Dreamhunter and Dreamquake by Elizabeth Knox are two volumes, but one complete story, so I am reviewing them together.
Laura and Rose are about to take the test that will determine if they
are dreamhunters -- individuals who can enter The Place and capture
dreams to bring home and share with others in the glittering Dream
Palaces of the city. Both girls have a famous dreamhunter parent, but
while Rose confidently believes that she will be able to cross into The
Place, Laura is less certain that she will be able to . . . or that she
even wants to. Laura's father, the famous Tziga Hume, was the first-ever
dreamhunter, first to enter The Place when it mysteriously appeared
twenty years ago, but now Tziga seems haunted, and Laura wonders why.
When Tziga disappears after his most recent foray into The Place, Laura
is left on her own to figure out her role. There are many mysteries that
Laura must unravel: what happened to her father? What had he been doing
in The Place that caused him so much mental anguish? What is The Place,
and why did it so mysteriously appear?
I am not doing this duet
of books justice, because I'd hate to give something away. This is a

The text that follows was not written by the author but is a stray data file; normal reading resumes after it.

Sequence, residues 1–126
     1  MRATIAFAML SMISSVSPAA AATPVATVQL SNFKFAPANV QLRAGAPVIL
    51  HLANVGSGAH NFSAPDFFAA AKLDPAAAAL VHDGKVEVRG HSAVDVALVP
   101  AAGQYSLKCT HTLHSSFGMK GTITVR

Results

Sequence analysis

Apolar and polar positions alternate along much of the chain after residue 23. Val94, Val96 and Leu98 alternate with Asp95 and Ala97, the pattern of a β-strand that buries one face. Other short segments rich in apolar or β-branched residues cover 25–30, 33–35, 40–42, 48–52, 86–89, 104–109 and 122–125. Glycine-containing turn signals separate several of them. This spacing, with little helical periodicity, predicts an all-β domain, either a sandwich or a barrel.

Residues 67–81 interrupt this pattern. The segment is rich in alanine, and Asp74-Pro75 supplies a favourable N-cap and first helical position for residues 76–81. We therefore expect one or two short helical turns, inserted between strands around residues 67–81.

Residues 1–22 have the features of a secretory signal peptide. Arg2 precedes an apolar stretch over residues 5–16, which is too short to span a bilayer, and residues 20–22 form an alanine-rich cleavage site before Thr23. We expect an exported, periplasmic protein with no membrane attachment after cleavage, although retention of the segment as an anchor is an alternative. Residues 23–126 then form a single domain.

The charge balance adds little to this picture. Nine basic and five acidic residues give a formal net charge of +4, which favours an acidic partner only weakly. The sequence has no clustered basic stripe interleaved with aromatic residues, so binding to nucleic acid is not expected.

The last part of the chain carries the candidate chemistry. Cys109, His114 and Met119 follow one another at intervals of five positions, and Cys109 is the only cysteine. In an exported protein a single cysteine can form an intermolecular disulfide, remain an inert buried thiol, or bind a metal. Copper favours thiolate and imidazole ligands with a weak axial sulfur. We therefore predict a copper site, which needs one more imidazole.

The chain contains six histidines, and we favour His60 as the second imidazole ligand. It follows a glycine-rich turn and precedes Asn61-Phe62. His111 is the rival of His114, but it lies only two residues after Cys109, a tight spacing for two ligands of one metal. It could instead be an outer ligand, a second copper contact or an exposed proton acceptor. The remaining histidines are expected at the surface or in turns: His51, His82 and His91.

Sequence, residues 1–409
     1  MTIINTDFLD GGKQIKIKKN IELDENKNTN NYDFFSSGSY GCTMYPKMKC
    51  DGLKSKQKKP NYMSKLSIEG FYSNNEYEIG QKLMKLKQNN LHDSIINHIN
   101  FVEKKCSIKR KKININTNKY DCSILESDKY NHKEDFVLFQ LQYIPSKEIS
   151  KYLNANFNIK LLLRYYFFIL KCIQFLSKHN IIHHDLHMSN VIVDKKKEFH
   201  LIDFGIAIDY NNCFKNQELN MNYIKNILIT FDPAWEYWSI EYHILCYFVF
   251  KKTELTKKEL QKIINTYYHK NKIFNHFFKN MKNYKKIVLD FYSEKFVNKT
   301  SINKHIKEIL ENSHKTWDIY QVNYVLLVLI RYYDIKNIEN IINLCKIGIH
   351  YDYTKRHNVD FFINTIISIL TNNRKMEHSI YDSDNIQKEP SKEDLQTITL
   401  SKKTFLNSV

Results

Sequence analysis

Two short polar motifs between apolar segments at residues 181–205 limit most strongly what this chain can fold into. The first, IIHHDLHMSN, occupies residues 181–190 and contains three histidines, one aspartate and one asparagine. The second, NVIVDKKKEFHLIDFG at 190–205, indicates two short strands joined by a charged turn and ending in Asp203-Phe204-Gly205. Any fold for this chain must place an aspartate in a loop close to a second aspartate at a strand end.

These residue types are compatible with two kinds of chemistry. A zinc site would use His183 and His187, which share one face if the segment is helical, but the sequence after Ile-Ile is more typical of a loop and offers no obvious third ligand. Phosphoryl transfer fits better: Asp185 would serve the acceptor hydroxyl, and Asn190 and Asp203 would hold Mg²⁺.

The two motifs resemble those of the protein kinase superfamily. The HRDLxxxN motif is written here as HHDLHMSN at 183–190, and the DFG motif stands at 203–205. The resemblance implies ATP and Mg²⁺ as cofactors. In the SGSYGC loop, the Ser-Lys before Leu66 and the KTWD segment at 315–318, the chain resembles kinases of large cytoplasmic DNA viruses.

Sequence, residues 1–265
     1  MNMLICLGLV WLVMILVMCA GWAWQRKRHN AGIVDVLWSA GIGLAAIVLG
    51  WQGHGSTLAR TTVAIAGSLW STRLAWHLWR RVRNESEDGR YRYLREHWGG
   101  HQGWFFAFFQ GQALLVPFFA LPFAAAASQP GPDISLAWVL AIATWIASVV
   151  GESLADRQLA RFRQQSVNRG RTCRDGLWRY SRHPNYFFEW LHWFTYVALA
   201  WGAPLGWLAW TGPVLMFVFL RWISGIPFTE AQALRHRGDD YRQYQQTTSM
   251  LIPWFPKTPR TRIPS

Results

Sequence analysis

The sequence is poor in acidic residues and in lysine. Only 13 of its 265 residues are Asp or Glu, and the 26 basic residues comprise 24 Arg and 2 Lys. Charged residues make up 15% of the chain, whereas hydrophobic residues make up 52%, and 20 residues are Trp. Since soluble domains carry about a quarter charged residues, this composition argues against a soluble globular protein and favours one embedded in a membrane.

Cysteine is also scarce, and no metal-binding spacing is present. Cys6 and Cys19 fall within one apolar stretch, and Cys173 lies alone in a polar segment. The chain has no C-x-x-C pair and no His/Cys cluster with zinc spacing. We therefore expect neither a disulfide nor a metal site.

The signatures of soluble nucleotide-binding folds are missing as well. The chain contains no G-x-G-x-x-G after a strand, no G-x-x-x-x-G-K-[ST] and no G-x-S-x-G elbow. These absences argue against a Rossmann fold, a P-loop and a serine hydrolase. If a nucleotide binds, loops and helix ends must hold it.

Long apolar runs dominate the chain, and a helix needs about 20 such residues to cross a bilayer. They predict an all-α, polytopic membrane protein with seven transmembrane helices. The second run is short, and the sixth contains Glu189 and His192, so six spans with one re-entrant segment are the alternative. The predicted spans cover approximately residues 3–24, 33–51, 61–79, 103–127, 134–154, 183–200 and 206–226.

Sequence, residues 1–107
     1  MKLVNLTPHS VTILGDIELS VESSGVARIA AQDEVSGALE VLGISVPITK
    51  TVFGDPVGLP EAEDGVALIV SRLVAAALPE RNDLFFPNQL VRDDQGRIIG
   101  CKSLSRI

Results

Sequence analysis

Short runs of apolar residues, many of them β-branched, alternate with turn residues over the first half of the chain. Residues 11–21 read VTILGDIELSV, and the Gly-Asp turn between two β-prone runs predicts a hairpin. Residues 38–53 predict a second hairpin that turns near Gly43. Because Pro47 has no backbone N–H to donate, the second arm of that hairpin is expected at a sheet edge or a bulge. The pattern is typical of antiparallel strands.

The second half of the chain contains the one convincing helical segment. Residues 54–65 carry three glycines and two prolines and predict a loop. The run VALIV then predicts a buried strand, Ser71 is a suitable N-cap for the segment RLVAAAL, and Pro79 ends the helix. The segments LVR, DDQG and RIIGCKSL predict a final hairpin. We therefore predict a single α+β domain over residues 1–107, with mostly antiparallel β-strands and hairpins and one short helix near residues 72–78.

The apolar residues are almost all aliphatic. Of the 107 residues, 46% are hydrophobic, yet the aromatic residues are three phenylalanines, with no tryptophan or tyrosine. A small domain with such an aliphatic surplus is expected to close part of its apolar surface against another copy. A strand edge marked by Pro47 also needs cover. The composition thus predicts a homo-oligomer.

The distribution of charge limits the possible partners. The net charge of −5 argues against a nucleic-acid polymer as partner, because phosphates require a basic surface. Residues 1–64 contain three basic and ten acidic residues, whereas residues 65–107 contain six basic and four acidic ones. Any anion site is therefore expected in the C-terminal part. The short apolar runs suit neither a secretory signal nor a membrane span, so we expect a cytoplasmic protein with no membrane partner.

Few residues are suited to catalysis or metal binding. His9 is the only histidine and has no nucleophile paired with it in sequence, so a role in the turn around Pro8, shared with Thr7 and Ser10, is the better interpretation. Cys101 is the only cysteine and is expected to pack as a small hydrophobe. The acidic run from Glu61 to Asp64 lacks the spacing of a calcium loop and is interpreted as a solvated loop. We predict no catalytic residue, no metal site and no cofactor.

wonderful, thoughtful fantasy set at the turn of the 20th century in an
alternate New Zealand. The setting is fully realized, the characters are
complex and morally conflicted in realistic ways, and the plot is
intricate and thought-provoking. This isn't a story to race through, but
it's what I think of as "chewy" -- you'll want to take time to savor
it, to speculate on what's coming up and to work through surprising new
twists. I've never read anything quite like this, though I'd recommend
it to fans of Jonathan Stroud and Philip Pullman. One word of caution:
be sure to have the second book on hand when you start the first,
because the first book ends abruptly (frustratingly so, to readers who
picked it up when it first came out, I'd imagine) and the second book
picks up just where the first leaves off.
(Reviewed from my personally purchased copies.)